The Brutal Truth About Your Competition and your Expectations

THIS BLOG IS ABOUT PROGRESS NOT PERFECTION! ❤


As a coach, I have lots and lots of brand new athletes who begin their journey on my team.

As their shows grow closer and closer ,it’s common for them to tell me..
“I thought I’d 
1. be showing more muscle
2. look  just like the Instagram competitors
3. be tighter
4. be more defined
5. have more muscle
or some variation of this.

The hard truth is
If you started your prep having not done a full off /grow/build  season, you did it backwards. Yep. I said it. As athletes.. we NEED a full grow season before we begin to prep for stage.
It is very common to see people who “workout” think they can cut down to what you see on the gram. It’s not the same as taking a strategic off season, eating, building, and then cut to unveil what you have built.

In 2012/2013, it was common to see coaches advertise “12 Weeks to Stage”  and starve a sister to stage lean.  It was a simpler time back then because the bikini physique was not pumped , super conditioned or showing striations. It was beachy.  BEACHY.

wonderwoman
This was 5 weeks out from my first show.

Fast forward to the ultra competitive nature of the stage of today. Conditioning needs to be on point. If a new athlete has begun her prep without mature muscle, she will come in lean and sexy but without the visible conditioning she is thinking she should see.

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In every cut.. we lose muscle. EVERY one.  That is real. We work so hard to keep what we have when we are on a cut.  If you are lifting heavy and training with high intensity and keeping your protein higher.. you are doing your best to keep that valuable muscle for stage.  You will not be building any muscle in a caloric deficit.  If you are on the normal path of losing body fat, and your calories are lower, you will be fighting to keep the muscle you have.

If you have very little muscle to start with.. you can certainly come in lean and gorgeous but with visible work to do.

WE ALL HAVE WORK TO DO.

Does that make you unworthy to compete? 
Not at all.
Does it mean you are going to lose?
Not necessarily.
Can you even win?
Of course you could!

Why bother? UGH.. well..

Because this sport is about improvements. When you compete, you must look at what you brought to the stage and work with your coach for improvements.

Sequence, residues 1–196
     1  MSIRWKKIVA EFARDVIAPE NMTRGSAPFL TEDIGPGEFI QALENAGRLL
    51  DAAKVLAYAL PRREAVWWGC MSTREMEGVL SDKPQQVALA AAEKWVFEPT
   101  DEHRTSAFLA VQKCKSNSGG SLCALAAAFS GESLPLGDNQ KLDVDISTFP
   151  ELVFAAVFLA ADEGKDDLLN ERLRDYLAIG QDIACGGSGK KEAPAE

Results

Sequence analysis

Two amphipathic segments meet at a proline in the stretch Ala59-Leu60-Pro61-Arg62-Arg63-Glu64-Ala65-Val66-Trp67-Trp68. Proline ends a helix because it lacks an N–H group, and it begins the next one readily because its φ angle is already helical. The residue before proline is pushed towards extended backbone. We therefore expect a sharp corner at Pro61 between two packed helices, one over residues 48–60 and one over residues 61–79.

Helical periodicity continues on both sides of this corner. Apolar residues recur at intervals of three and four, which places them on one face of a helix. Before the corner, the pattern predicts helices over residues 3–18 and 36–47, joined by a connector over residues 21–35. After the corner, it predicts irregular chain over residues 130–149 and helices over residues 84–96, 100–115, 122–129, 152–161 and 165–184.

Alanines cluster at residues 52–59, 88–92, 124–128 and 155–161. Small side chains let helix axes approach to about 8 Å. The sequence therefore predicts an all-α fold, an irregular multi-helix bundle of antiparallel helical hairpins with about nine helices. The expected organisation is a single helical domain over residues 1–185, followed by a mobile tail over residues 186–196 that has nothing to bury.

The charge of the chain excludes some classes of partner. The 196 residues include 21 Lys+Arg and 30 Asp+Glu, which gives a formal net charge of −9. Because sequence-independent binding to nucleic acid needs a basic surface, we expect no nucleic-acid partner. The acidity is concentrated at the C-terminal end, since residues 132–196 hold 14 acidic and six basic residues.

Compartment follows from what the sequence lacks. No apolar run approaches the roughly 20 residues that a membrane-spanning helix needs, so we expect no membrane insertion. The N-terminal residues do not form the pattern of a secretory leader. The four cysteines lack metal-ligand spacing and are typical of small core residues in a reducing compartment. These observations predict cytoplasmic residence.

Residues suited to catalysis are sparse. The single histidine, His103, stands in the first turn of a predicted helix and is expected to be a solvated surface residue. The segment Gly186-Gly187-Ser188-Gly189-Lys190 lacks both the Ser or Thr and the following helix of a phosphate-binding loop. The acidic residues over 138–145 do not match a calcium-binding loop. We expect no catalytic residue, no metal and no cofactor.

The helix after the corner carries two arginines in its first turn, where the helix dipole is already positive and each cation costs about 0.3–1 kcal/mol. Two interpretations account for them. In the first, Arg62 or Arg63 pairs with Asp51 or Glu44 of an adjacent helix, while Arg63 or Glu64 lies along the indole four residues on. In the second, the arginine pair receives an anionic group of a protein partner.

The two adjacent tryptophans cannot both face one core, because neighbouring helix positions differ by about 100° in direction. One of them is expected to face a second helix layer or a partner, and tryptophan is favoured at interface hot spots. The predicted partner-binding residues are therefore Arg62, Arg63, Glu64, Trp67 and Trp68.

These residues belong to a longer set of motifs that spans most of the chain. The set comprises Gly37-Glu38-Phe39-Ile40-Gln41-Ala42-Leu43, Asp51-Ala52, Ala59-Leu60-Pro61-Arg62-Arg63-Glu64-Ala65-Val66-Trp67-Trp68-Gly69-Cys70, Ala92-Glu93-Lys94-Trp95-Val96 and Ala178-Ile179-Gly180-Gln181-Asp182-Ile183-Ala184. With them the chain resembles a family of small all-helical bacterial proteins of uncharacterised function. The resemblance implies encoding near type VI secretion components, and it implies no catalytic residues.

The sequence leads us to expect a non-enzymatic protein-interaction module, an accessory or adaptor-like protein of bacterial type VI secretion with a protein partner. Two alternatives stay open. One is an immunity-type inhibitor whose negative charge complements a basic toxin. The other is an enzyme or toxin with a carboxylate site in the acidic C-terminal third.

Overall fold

Do the work and come back with a better package.

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Build build build your physique but know you can get better every show!!

Your first show should be a baseline. It’s a BASELINE.

You gain experience, you gain, knowledge of your body. You gain reality checks and you lose the nerves associated with the competition process. You become less about the madness and all about strategy.

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In 2013 I needed much glute work. I still do! Middle pic is lots of food, lots of lifting  (2016) Final pic is 2017.  I’m a work in progress because I want to get better.

We all have to take the time to build mature muscle to get the IG look. Some of those women are NOT natural and it’s deceiving.  No offense to anyone who is not natty just be realistic!!
There is no fast track to mature muscle when you are natty.

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Ashley in 2015 and 2018. She is lighter on the right BTW.

It’s surplus of calories and progressive overload on your muscles. It’s diligence and time spent to create the physique you want. #science

No magic. Science.
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coach j
Julia Before and at the UFE World Championships in Toronto

Post Show:  Bad sportsmanship is never ok!!
I should have placed.
The judges hated me

I’m quitting my coach for another coach. I should have won.
I’m quitting the sport. I deserved to win, that other girl didn’t.
This show is rigged. The judges have their favorites. 

Boy, doesn’t this sound familiar.  First of all.. being an athlete isn’t’ when you are walking on stage in your sparkly bikini, it’s how you handle yourself. Being a real athlete is about sportsmanship as well as hard work.  Frankly, being pissy because you didn’t get what you wanted actually shows on stage. Yep.. you don’t think it does.. but it sure does.

It shows in your social media. It shows in how you treat others in your show. It shows.
Disparaging other athletes in public or social media reflects badly on YOU. Your friends will always  side with you.  Pro-tip: keep that conversation between you and your coach and be gracious in your placing. Your judges see your social.. just count on that. It looks bad.

Hey.. honestly…There is no guarantee.  Body building is a subjective sport and as athletes we never know who will show up. We don’t really have a solid handle as an industry on criteria.  Each federation seems to want something different or  perhaps the judging isn’t consistent. We already all know these things, yet we choose to step on stage.

No one is entitled to a pro card.  In your first year, not getting a pro card is a good thing. I said it.  I’ve seen many athletes win their pro card on their first show and were not ready to compete at pro level.  They did not do their time coming up and it basically put them out of the competition game.

Not getting a trophy when we thought we deserved one is normal because we all go there with the intention of winning. Sometimes things just don’t go our way.  Sometimes the numbers are tight and it’s literally a crap shoot on who placed higher.

Yeah, sometimes the judges have their favorites. Sometimes they don’t even see you.
Sometimes they don’t like YOU.  Sometimes it sucks.  It’s a subjective sport.